Let me say this about thatBy Gene Klare
April 21, 2000
THOSE LABOR UNION members who currently work or have worked in the past as instructors and administrators in the Job Corps deserve a resounding round of applause for their labors in a successful federal program that provides a helping hand to disadvantaged youth.
The Job Corps "works," according to a recently-released study by Mathematica Policy Research, which was commissioned by the United States Department of Labor. In reporting and commenting on the study, Alan B. Krueger, a New York Times columnist, wrote: "The study finds that the Job Corps measurably improves the education and job prospects of disadvantaged youth. It also offers clues as to why."
Krueger, whose comments appeared in a recent "Economic Scene" column on the newspaper's business pages, is a professor of economics and public affairs at Princeton University in New Jersey.
HE NOTED THAT the Job Corps is "an original anti-poverty program from (President) Lyndon Johnson's Great Society" and that the study backs up what two-time heavyweight boxing champion George Foreman said in coming to the defense of the Job Corps in the mid-1990s when it faced deep congressional budget cuts. Krueger quotes Foreman as saying: "Job Corps took me from the mean streets and out of a nightmare lifestyle into a mode where the most incredible of dreams came true."
Professor Krueger's Economic Scene column went on to say:
"The Job Corps is the most intensive and expensive of the dwindling number of government programs for disadvantaged youth. The $1.3 billion cost last year amounts to about $20,000 for each participant. Although critics mistakenly argue that the Job Corps is as expensive as a year at Harvard - ignoring the public subsidy and endowment spending that raise Harvard's true costs for each student well above $50,000 a year - the costs are high.
"The stakes are also high. Each year, the program serves more than 60,000 mostly poor, urban high school dropouts who are 16 to 24 years old. A third of the male participants had been arrested at least once before joining the program; two-thirds of all participants had never held a full-time job. If the Job Corps does not improve the prospects of disadvantaged youth, then less-intensive programs are unlikely to help either.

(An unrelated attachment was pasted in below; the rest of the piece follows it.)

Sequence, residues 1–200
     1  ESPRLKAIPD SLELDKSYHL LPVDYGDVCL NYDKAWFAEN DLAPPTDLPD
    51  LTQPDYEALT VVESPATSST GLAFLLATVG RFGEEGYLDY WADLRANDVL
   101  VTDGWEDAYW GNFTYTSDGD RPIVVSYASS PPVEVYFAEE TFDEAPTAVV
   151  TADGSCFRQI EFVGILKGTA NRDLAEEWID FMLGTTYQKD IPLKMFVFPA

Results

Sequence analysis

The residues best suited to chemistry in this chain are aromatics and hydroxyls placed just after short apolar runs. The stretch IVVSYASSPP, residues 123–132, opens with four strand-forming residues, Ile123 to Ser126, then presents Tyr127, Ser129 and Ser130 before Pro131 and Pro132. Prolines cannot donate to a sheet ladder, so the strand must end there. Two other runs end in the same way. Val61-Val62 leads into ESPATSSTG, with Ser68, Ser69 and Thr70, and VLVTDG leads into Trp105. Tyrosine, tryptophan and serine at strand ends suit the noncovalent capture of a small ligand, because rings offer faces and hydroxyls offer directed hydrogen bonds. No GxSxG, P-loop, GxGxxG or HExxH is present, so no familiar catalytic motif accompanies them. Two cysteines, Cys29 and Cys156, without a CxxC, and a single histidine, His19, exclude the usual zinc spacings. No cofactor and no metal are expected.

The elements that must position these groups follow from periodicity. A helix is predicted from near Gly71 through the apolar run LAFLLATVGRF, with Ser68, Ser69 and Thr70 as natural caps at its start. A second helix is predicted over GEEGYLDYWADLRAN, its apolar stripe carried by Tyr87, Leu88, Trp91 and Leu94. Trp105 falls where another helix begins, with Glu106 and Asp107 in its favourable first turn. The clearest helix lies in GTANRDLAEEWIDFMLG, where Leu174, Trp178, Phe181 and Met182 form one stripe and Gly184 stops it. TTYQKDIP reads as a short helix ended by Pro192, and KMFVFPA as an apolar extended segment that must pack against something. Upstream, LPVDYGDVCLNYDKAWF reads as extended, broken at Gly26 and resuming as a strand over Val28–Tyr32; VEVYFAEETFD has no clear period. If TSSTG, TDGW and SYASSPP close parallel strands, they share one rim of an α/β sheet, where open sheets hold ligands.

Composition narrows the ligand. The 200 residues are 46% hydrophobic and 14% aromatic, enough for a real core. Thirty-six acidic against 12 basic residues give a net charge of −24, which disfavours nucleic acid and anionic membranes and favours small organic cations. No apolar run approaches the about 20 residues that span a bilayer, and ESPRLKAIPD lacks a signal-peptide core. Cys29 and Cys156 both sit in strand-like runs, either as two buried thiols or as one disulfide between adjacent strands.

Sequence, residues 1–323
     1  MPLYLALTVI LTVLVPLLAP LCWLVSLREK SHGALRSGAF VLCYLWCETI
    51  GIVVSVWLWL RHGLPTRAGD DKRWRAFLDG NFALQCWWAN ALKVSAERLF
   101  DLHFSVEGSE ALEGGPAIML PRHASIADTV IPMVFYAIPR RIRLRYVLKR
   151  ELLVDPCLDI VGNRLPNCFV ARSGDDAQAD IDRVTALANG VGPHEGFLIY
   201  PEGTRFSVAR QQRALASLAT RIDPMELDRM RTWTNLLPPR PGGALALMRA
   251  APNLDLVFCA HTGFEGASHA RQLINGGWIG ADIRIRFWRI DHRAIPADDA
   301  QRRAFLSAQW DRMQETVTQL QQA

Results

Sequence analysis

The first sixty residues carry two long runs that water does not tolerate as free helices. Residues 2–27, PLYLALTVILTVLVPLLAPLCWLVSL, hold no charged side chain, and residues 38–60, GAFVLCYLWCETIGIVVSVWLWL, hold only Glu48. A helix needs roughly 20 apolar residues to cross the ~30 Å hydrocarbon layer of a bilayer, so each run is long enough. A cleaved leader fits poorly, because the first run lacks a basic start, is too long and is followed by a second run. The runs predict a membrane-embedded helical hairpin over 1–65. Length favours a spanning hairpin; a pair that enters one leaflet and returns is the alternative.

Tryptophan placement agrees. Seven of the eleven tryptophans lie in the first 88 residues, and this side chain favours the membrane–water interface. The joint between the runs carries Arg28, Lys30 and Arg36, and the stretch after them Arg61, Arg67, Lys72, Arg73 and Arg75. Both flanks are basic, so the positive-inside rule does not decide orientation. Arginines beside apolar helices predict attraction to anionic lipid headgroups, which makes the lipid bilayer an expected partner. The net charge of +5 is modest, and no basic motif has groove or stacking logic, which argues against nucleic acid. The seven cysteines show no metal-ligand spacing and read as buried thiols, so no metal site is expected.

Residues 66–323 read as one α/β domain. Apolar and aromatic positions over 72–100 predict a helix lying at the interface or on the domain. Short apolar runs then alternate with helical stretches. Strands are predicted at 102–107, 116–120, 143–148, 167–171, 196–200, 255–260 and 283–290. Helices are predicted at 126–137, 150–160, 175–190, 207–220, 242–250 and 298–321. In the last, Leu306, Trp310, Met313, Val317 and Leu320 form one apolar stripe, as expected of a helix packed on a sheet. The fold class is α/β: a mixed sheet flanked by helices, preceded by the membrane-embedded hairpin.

"THE JOB CORPS is expensive because 90 percent of students are sent from their neighborhoods to one of 116 residential campuses in 46 states. There they stay for about eight months of academic education, vocational training, counseling, health education and job placement assistance..."
The study of the Job Corps tracked the employment records, earnings, and criminal activity of thousands of young people who went through the program and compared that information with data from thousands from the same socio-economic backgrounds who were not in the Job Corps.
The researchers found that Job Corps participants were more likely to be employed, earned more money, received less in public assistance and "were about 20 percent less likely to be arrested, charged or convicted of a crime ..."
Professor Krueger's column reached this conclusion:
"...THE NUMBER OF the Job Corps slots has been stable for decades, while the number of disadvantaged youth has exploded. President Clinton's latest budget proposal requests only a small increase. Why not set a loftier goal? Why shouldn't the Job Corps be able to accommodate every eligible youngster in the country?"
IRVIN H. FLETCHER, who retired last year as president of the Oregon AFL-CIO, has been tapped for membership in Labor' s Hall of Fame by the Northwest Oregon Labor Retirees Council.